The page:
Exploring Spring Wildflowers In Fairfield County With Carol Gracie

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Purple Trillium, one of our native spring wildflowers.
Purple Trillium, one of our native spring wildflowers. Photo Credit: Contributed by Kim Eierman

FAIRFIELD COUNTY, Conn. -- Look no farther than to Northern Westchester County in New York to find one of our leading experts on wildflowers of the Northeast - Carol Gracie. A naturalist, photographer and author of two books on native wildflowers, Gracie also enjoyed a 30-year career at the New York Botanical Garden.

This spring I interviewed Gracie at her home and on a hike in nearby Connecticut, where we searched for native wildflowers. Our quest was focused on spring ephemerals – those fleeting native woodland plants that emerge in the spring, die back in the summer, and then re-emerge in the following spring. Our native spring ephemerals include plants such as Hepaticas, Squirrel Corn, Dutchman’s Breeches, Trout Lily, Spring Beauty, Trilliums and others.

As we observed numerous bees, butterflies and moths foraging along our path, we witnessed firsthand the importance of these early spring-bloomers to our local environment. A bumblebee queen helped to underscore the point as she hung upside down from a tooth-shaped flower of Dutchman’s Breeches (Dicentra cucullaria).  She was foraging on this particular plant, as she has evolved to do.

Gracie explained that bumblebee queens overwinter in a solitary, dormant state, already mated. They emerge in the spring ready to start a new colony, hungry for a food source to fuel their mission. In our local ecosystems, bumble bee queens have evolved with the spring ephemeral, Dutchman’s Breeches. The queens emerge from their winter nap, just when Dutchman’s Breeches is in flower, providing the bees with nectar as an energy source and pollen as a protein source - critical for brood-rearing.

Another plant-animal interaction that we observed was between Spring Beauty (Claytonia virginica) and small andrenid bees. Spring Beauties are one of our earliest blooming plants, quite petite with delicate five-petaled pink- and white-striped flowers. Those stripes actually serve as nectar guides to andrenid bees, the most common bee visitors to the flowers. Andrenid bees have evolved closely with Spring Beauty, which serves almost exclusively as their primary nectar and pollen source. As Spring Beauties vanish from our landscapes, so do their pollinators.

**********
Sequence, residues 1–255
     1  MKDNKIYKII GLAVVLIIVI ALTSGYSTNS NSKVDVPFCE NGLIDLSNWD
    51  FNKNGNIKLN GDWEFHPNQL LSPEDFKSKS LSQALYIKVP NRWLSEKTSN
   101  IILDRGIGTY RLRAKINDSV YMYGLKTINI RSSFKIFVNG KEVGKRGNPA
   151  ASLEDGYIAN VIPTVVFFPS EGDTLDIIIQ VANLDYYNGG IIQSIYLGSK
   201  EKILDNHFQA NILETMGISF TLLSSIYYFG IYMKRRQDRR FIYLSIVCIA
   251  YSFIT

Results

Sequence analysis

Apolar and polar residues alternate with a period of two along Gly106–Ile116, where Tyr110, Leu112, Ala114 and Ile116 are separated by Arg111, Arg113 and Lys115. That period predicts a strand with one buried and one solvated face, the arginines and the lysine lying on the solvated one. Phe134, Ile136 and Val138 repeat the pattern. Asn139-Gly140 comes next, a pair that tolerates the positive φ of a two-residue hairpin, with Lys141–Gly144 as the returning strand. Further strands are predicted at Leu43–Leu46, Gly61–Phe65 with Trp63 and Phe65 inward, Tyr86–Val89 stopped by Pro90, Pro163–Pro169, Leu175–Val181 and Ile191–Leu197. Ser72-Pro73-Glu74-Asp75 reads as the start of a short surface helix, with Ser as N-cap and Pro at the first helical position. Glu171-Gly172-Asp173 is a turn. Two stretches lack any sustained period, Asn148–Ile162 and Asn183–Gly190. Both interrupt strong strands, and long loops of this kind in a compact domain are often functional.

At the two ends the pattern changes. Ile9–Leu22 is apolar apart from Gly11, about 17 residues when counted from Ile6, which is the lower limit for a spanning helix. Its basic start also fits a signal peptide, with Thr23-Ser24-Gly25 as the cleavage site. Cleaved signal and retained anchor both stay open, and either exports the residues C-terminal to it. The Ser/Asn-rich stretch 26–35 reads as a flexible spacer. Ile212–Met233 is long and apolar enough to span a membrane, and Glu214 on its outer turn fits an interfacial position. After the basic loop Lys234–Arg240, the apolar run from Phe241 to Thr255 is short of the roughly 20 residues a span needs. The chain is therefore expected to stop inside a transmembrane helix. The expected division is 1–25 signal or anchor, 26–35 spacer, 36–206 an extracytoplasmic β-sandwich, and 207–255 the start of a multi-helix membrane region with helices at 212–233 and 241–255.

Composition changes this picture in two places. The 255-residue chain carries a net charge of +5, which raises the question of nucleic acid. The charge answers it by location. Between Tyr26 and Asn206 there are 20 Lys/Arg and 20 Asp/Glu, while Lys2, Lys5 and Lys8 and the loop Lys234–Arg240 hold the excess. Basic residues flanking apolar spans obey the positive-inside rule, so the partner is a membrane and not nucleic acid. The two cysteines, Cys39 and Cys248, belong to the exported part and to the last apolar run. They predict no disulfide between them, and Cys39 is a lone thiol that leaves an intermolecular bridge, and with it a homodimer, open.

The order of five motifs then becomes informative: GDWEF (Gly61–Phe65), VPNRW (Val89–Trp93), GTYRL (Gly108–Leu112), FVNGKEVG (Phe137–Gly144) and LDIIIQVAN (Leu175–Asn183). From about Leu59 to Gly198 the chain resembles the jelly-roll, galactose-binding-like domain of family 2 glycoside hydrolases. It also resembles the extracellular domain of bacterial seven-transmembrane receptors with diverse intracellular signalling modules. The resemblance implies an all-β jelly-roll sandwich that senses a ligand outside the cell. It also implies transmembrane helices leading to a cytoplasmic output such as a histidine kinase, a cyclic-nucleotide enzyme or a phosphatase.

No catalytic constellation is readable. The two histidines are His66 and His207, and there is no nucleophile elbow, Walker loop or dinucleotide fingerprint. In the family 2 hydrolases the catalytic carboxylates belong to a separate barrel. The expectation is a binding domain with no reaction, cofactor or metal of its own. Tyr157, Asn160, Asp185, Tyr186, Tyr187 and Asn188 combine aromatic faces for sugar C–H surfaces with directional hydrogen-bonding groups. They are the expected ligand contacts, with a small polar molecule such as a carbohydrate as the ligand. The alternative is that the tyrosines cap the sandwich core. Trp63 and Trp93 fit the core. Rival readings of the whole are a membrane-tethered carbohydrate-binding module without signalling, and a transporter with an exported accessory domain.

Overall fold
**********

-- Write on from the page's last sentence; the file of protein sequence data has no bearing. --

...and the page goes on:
Many of our spring ephemerals are disappearing as development and deer pressure increase. You can include these plants in your own landscape, and while doing so, support many of our native pollinators. Since ephemerals die back to the ground in the summer, you can plant later blooming native plants in the same area – providing both you and Mother Nature with a succession of bloom.

To learn more about spring wildflowers, view my video interviews with Carol Gracie at www.ecobeneficial.com.  You can also enter a random drawing to win a copy of Gracie’s latest book: "Spring Wildflowers of the Northeast: A Natural History," through July 4, (courtesy of Carol Gracie and Princeton University Press).

Kim Eierman, a resident of Bronxville, is an environmental horticulturist and Founder of EcoBeneficial!  When she is not speaking, writing, or consulting about ecological landscapes, she teaches at the New York Botanical Garden, Brooklyn Botanic Garden, The Native Plant Center and Rutgers Home Gardeners School.

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